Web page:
So mostly, ad-hoc decisions (like “I’ll move this toilet a bit to the left so the waste pipe doesn’t hit that column”) often have to be made by the builder; for bigger decisions the technical architect will be consulted – and for the biggest ones, the architect.

But a lot is decided at a “lower” level and those decisions are often made in terms of building convenience rather than in terms of the most beautiful end result… In between the weekly meetings, a lot of things get built that the technical architect never gets to see until it’s too late.

The cost of making changes

Like in many industries – the cost of making changes to a project is small at the beginning but increases exponentially as work progresses!

At the beginning of the process, during the “basic project” phase, it’s fast, cheap, and easy to make design changes as only one person, the architect or his draftsman, is needed to make changes. Don’t be afraid of making dozens of iterations and changes in this phase, as this is where the design can get better and better – more beautiful, more practical, ánd more efficient to build – without having to spend any money.

In the second phase, the “execution project”, it’s still possible to make changes – but this starts to get unwanted side effects.

First of all, from now on, every change may require new structural calculations and plans, new electrical, plumbing and home automation plans etc. That costs time and money, and on top of that, the plans may have to be re-submitted to the architects’ association (fees! delays!) and town hall (fees! delays!). Also the bill of quantities will have to be adapted to reflect the changes made by all these separate engineers, and it is a logistical nightmare to keep all these changing information coordinated.

Second, as these changes are executed separately by different engineers, the chances of design “conflicts” increase and before you know, you have have pillars that interfere with electricity or sewerage lines. Often, such inconsistencies are only discovered during construction.

The big no-no: changes during construction

Now – I am a fierce enemy of changes during construction.

Changes during construction are guaranteed to create delays and budget overruns, and they create huge “opportunities” for the builders to come up with extra costs while it is never clear who exactly is responsible for that change (and the extra cost.)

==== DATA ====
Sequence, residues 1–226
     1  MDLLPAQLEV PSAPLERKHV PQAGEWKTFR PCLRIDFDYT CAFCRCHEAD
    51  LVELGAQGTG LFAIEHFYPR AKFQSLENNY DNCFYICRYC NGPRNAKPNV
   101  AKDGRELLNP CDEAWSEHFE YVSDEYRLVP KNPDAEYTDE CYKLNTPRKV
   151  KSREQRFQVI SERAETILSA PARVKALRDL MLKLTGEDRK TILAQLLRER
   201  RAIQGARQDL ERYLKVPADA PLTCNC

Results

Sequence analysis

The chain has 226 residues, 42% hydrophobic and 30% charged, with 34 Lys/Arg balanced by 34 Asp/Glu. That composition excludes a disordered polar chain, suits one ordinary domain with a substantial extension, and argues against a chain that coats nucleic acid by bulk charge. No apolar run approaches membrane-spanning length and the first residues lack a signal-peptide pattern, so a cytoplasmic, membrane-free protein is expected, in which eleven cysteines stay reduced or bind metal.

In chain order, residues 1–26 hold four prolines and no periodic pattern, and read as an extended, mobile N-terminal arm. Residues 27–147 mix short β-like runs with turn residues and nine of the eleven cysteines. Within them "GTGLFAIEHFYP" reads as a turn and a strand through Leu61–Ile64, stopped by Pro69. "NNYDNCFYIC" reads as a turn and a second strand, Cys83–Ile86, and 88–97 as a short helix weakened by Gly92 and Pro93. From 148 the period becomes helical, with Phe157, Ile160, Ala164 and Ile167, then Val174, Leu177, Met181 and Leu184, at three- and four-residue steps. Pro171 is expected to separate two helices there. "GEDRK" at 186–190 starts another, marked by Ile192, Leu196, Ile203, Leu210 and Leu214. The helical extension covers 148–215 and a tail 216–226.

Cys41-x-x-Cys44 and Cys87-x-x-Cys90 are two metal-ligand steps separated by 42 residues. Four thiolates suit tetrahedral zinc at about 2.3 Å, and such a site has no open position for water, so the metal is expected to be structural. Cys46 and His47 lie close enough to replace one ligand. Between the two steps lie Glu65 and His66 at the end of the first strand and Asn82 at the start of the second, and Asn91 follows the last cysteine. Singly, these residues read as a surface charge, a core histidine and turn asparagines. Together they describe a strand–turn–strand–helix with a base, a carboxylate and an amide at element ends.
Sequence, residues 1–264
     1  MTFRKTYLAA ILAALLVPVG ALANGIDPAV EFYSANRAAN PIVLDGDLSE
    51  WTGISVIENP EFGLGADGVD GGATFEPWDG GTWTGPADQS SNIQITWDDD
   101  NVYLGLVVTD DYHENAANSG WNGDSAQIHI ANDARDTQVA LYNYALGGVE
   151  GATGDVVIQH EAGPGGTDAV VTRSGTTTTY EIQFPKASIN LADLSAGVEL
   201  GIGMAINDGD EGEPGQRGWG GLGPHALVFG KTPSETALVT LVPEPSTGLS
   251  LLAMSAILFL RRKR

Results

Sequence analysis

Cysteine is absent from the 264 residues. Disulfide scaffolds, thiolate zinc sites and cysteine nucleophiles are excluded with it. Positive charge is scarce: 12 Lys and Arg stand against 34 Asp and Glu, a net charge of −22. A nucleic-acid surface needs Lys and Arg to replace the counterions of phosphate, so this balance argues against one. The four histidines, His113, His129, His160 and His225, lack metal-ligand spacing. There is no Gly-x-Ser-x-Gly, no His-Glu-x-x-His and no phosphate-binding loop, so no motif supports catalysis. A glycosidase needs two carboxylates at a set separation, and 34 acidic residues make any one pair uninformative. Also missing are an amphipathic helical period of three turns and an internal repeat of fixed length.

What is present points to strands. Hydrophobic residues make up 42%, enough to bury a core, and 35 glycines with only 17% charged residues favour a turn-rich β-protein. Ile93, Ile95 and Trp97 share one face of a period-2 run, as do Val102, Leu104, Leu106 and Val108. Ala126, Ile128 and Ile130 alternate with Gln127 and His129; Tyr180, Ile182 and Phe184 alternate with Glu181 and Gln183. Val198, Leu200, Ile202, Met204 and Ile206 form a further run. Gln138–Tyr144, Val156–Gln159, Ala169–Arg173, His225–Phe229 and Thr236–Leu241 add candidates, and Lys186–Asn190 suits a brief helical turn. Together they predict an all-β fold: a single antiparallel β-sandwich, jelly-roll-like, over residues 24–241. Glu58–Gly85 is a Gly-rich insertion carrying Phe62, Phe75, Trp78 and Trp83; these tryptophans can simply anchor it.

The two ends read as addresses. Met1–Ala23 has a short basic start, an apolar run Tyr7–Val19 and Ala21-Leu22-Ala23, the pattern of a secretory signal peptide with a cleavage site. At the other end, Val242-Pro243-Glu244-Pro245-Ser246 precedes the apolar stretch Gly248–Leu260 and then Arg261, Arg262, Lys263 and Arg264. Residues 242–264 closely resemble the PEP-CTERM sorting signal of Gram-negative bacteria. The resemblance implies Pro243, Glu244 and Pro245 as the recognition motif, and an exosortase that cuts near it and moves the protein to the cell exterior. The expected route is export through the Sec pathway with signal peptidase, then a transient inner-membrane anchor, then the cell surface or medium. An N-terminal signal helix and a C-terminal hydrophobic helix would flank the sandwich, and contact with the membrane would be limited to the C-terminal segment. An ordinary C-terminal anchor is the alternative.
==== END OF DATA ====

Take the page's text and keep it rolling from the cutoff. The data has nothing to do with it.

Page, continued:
Is it the architect who did not foresee this? The client who did not understand this? The technical architect who did not alert to this? It’s easy and unavoidable that fingers will be pointing in each and every direction.

But the materials have already been bought, getting a new one will cause delays and add to the costs, and the clock is ticking!

At the end of the day: the bill will always go to the client, who has to decide under pressure as the building can not be stopped and every day of delay costs extra!

In this 21st Century digital world, we can find no excuse for that. Everything and anything can be designed and visualized in 3D, so at least the architect should anticipate éverything. Also the client can see the whole house inside and outside in high resolution full colour image even before it’s built. What you see is what you get!

Once the building gets underway, nothing should be changed. Sure, you can still choose or change most materials, but don’t “move” anything or it will cost you time, money and many a sleepless night.

Also: if you change nothing, you do nót give the builders any excuse to come up with the infamous “extras”.

Too often, this practice backfires in a later stage. If halfway through the construction, the builder discovers he isn’t making any money at all, he’ll use all kinds of tricks and arguments to save money or increase the price. This is where the infamous “extras” start appearing… all at once, dozens of ‘unexpected’ costs and supplements show up and the budget ends up increasing again.

Architectural design

Why good architecture is cheap

At the minimum level, an architect is a legal requirement and depending on the area, his fees may be 5 to 10% of the building costs, and to the client, that is always a lot of money, But a large part of this fee goes to a lot of specialized engineers,to the architect’s professional liability insurance, etc., so the architect may be happy if he can keep 1 or 2% of this as his real income. Thàt often isn’t much money for a job that will cost them one or two months and will take one or two years to complete.

But good architecture can add much more value to the house than it costs. An amazing design can add 20, 30% (or more) to the value of a house while one or two “mistakes” (an awkward layout, a poor orientation, an impractical garage) often make a house virtually unsellable… unless at a steeply discounted price.

For this reason only, it’s worth paying a few percent more for a ‘good’ architect than for an average one!

And… good architecture can also save costs! First of all, good architecture is designed “around” the particular shape, slopes and orientation of a plot; and finding the right shape can save tremendous amounts in construction. But all too often, mediocre architects try and drive “square pegs into round holes” – i.e. use a familiar design that is not really adapted to the plot, requiring tens if not hundreds of thousands of euros to be invested in retaining walls, platforms etc.